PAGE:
References: Adapted from: Hernandez JA, Swischuk LE, Yngye DA, Carmichael KD. (2008) The angled buckle fracture in pediatrics: a frequently missed fracture. Emergency Radiology 10:71-75

 

 

When a longitudinal compressive force is insufficient to cause a greenstick fracture, a plastic bowing fracture may occur in children.  This type of fracture is caused by numerous “microfactures” along the convex border of the deformed bone secondary to axial loading of the bone.  These microfractures are not visible on plain radiography [1].

 


Where to look?

 

  • The distal radius is the commonest site involved ( Fig. 5 ).

     

    Fig. 5: Torus fractures of the distal radius (a-f). Note the associated buckle fracture in the distal ulna in e and f.
    References: Department of Paediatric X-ray and Ultrasound, Royal Alexandra Children's Hospital, BSUH NHS Trust, Brighton, UK

     

     
  • The proximal radius is a common site for missed buckle fractures. 
  • Angled buckle fractures are easily missed: special attention has to be paid to the contour of the bone particularly at the metaphysis ( Fig. 6 ).

 

Fig. 6: Subtle dorsal angled buckle fracture and overlying soft tissue swelling demonstrated. Comparative views may be useful in cases such as this – but are not routine in our institution.
References: Department of Paediatric X-ray and Ultrasound, Royal Alexandra Children's Hospital, BSUH NHS Trust, Brighton, UK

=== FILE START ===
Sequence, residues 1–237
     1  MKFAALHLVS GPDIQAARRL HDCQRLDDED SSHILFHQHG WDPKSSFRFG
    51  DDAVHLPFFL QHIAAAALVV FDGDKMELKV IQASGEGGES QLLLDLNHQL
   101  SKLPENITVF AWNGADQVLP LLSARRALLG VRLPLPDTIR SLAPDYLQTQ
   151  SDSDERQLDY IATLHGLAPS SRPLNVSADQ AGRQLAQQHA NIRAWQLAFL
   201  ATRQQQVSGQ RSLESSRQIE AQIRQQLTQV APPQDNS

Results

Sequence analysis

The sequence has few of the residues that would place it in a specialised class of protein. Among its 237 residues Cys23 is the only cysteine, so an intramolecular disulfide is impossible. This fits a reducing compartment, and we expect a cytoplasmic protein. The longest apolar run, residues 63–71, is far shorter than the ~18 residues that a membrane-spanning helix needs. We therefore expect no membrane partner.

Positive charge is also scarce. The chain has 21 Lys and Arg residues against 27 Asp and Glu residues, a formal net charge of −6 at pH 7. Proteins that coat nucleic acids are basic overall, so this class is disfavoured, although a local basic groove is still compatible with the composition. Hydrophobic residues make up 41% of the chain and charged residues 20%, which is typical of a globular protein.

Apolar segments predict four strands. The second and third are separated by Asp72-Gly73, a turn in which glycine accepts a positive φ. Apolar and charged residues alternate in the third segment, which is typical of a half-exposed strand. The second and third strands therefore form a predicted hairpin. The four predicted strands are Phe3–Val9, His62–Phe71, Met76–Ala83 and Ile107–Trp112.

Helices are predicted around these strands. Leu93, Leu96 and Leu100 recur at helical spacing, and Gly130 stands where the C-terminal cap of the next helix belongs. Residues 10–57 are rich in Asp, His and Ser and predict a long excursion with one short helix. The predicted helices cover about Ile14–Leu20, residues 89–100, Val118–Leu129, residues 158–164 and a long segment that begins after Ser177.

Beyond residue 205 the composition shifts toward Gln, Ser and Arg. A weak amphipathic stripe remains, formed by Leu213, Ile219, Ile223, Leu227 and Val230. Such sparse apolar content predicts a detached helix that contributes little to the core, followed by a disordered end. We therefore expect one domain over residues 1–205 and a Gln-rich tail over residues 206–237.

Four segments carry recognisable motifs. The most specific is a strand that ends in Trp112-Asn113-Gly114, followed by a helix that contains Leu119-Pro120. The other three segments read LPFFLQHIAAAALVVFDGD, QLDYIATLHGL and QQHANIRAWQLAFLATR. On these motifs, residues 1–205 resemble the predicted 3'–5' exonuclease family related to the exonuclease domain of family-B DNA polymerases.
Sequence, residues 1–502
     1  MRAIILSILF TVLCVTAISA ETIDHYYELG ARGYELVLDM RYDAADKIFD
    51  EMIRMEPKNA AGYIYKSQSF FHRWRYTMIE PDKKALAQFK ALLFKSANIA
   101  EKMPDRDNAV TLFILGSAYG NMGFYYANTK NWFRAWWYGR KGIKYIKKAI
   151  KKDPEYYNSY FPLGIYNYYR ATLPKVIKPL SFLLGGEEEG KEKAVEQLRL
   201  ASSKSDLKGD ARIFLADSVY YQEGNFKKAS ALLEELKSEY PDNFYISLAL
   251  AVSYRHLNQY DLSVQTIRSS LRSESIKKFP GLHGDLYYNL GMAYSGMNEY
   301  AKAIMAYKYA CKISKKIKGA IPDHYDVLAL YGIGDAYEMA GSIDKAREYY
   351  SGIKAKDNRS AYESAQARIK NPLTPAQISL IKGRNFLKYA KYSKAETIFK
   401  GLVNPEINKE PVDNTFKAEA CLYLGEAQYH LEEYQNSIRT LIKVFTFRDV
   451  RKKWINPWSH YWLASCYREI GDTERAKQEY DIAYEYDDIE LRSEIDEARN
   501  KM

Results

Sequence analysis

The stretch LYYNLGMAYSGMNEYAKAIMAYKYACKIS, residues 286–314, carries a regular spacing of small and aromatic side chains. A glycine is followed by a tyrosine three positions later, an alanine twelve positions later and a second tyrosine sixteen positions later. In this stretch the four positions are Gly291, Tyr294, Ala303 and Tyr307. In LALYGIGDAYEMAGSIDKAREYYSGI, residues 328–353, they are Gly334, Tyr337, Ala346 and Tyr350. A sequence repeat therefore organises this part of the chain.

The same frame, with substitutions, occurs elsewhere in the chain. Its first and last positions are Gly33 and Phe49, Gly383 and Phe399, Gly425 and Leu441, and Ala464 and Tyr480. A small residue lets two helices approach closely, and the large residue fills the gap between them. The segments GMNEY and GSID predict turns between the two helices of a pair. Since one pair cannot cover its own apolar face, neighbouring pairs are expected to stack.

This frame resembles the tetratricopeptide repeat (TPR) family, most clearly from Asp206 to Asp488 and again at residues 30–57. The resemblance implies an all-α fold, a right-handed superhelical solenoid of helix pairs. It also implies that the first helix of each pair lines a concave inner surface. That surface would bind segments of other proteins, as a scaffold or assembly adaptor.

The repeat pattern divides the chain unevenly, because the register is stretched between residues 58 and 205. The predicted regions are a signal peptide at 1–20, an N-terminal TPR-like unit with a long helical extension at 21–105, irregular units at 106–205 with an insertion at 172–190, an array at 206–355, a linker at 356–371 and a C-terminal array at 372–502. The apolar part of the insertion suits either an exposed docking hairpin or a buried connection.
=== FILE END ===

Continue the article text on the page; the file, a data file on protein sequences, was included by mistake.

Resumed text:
• Angled buckle fractures are also common in the small bones of the hands ( Fig. 7 ) and feet (angled buckle fracture at base of the first metatarsal constitutes the “bunk-bed” fracture). 

 

Fig. 7: Angled buckle fractures of the proximal 3rd, 4th and 5th metacarpals in a child with tenderness post trauma at this site.
References: Department of Paediatric X-ray and Ultrasound, Royal Alexandra Children's Hospital, BSUH NHS Trust, Brighton, UK

 

  

  • Comparative views may be very useful in some cases. 
  • The presence of an elevated anterior fat pad may be the only indication of a fracture about the elbow. In a child, close inspection for a supracondylar fracture and an angled buckle fracture at the radial neck should ensue.
  • Plastic bowing fractures ( Fig. 8 ) commonly involve the radius, ulna, clavicle and fibula.  Again, a high degree of suspicion is required.  

     

    Fig. 8: Plastic bowing fracture in a 4 year old who fell a height of just under 2m. Again, comparative views may be useful in clinching the diagnosis but are not routinely in use in our institution.
    References: Department of Paediatric X-ray and Ultrasound, Royal Alexandra Children's Hospital, BSUH NHS Trust, Brighton, UK

     

     

Managing Buckle Fractures

 

Many authors have found buckle fractures to be inherently stable.  Greenstick fractures are less stable – and have been found to continue to displace after 2 weeks [5] and hence the diagnosis of a greenstick fracture implies a more ‘severe’ injury – the latter demanding closer follow-up and more than the relatively simple splinting (back-slab) with or without specialist follow up required in a buckle fracture [5,6].